Ramblings from another nerd on the grid
My Cedar Waxwings arrived a couple of days ago. I'll have to see if they hang around and finish off my Yaupon Holly berry's. They usually come by my house around this time each year as they migrate back north. By the way, the picture at right is probably the best picture I've ever seen of a Waxwing. Be sure to see the super high resolution version.
I've seen flocks of them pick my bushes clean in a day or two. Hungry little suckers. I guess they leave Mexico and head North when spring starts coming on. They probably wish they would have waited a few more days.
My next arrivals will hopefully be the nesting pairs of Barn Swallows that come back nearly every year and build a nest on my back porch. They are fun to watch. They fly fast and do all sorts of loops. They seem to have fun trying to get me as I jump in the pool. Ha!
So why the fascination with nature?
Probably because the location I grew up in had all sorts of critters. It started in Houston, Texas. I lived in a neighborhood bordering Rummell Creek and Buffalo Bayou. We used to catch and release all kinds of turtles, snakes and animals. Of course the alligator gar, alligators, fish and other critters in the bayou meant there was never a dull moment. I was really young then. I had no idea growing up playing in that area it would lead to a lifelong appreciation for nature. The area is now a park and nature preserve. Who knew?
After we moved from Houston to Conroe, we of course explored the west fork of the San Jacinto river near my house on a daily basis. A lot of the time is was via the knobby tires of our motocross mini bikes and motorcycles, but we always stopped to rest and enjoy the mosquitos.
There are all kinds of critter in Conroe as well. I used to have a pet raccoon that liked to ride on my head as I drove my 71 Mustang. People tend to freak when your coon skin hat looks at them. He got big and mean about the time it was mating season for some reason. I turned him loose and he found a female coon in short order. They would come eat the dog food and wrestle my dog. The female hung around the house for years and years.
Lake Conroe is home to Bald Eagle and we would see them frequently as it's a breeding and nesting ground. It's funny how many people didn't believe me when I told them that. You see, my summer job was to take the Houston city slickers (as we called them) out skiing. I was the boat driver, ski instructor, and beer guide. Those were the days. :)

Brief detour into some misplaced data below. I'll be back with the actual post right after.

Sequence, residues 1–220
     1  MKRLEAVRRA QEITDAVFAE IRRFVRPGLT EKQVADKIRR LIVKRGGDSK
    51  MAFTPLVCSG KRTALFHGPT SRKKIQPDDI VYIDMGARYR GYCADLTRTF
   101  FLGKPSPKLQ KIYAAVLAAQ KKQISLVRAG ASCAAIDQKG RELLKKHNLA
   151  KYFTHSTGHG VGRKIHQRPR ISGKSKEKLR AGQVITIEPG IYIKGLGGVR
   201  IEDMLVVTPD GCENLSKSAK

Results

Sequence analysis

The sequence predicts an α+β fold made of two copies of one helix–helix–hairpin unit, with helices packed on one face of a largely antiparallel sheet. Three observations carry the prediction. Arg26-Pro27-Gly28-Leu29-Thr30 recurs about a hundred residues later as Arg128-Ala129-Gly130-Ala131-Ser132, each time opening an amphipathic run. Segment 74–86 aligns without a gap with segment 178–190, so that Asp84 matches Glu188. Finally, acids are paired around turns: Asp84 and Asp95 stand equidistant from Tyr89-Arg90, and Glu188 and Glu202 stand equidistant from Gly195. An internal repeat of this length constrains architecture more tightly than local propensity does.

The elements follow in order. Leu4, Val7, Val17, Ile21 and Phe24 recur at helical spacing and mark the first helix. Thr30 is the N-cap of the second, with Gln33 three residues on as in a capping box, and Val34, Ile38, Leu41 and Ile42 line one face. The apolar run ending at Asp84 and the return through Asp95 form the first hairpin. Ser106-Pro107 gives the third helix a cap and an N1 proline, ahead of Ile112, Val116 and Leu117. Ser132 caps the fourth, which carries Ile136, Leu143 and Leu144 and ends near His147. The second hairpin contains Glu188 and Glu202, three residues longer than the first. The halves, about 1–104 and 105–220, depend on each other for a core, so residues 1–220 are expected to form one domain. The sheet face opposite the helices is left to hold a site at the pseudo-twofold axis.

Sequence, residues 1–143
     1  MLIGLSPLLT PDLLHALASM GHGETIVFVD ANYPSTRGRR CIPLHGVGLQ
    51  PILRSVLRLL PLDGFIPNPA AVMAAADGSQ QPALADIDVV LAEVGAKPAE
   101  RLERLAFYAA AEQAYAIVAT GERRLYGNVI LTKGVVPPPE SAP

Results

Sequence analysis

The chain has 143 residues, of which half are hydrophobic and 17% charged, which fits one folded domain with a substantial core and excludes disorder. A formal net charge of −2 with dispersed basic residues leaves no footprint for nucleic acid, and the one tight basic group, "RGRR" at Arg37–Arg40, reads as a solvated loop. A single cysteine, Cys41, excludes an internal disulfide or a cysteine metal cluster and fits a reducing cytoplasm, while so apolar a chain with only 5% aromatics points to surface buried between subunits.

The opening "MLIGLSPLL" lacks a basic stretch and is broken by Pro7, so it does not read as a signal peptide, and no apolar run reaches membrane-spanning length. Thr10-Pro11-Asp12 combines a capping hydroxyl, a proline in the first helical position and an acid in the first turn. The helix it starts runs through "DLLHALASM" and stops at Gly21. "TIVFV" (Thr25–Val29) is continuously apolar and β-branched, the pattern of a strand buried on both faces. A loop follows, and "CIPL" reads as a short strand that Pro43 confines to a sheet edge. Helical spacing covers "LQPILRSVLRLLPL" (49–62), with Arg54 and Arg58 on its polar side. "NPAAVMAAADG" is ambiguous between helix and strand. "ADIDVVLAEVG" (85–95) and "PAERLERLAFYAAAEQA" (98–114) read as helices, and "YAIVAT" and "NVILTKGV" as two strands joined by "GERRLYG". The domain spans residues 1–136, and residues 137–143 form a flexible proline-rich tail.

Anyway, none of those years included a computer or Xbox. We spent our time outdoors. I didn't really appreciate it then but I look back on those years as my indoctrination into the world of nature. If I ever stop blogging, you'll know I headed to the Amazon or some such adventure.
Until then, I get to enjoy the birds using the Central Flyway. Lots of them. But you have to look for them. What's next? Hummingbirds baby!!!
My time away from work is time on the CT river wakeboarding. Fortunetly for me and my wakeboarding friends there is a lot of wildlife to see, especially eagles. We have seen some big birds out there.
It's a nice break.
Keith, it's always a nice break to find a post about the unplugged world.
Up here in Vermont we get a lot of your critters -- even full-sized snapping turtles. But obviously we get the migrants a couple months later than you do. Waxwings won't be back for another two months, but you see bald eagles year round over the Adirondacks, southern Lake Champlain or the upper Hudson River. Lots of Ospreys state-wide here, and in winter, massive low-flying flocks of snow geese.
And if you're looking for a hummingbird fix, there's a local up here who videoed 200 varieties around the world, and National Geographic picked it up. Some are really wild-looking.
There are good birders and bad birders, but it ain't as sissy as some people make it out to be. Case in point: Jim Schlesinger, Nixon's Secretary of Defense, kept himself sane that way.
Thanks Martin. Life is short. Get outside and make your children go with you. :)
Thanks for the link to the National Geo area. I had actually already seen that section but enjoyed the reminder.
I've had a Nation Geographic subscription since I was old enough to read. That was a yearly present from my Grandmother. I envy the photo journalist. Love their work.
I'll have to take some pictures of the dragons that live around my house and post them.